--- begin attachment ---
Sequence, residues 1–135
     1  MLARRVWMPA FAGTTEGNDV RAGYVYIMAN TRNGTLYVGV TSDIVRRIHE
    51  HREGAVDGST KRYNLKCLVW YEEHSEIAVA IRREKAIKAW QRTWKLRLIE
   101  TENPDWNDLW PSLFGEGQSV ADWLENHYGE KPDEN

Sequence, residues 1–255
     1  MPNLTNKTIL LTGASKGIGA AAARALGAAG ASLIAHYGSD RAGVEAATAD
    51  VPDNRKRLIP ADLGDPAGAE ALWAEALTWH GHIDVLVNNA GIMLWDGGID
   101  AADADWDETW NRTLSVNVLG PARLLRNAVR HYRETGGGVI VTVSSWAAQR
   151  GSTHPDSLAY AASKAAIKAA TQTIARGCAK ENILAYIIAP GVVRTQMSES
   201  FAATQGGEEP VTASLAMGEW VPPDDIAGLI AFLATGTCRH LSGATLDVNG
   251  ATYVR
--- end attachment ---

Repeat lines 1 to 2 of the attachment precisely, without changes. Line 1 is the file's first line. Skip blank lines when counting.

Sequence, residues 1–135
     1  MLARRVWMPA FAGTTEGNDV RAGYVYIMAN TRNGTLYVGV TSDIVRRIHE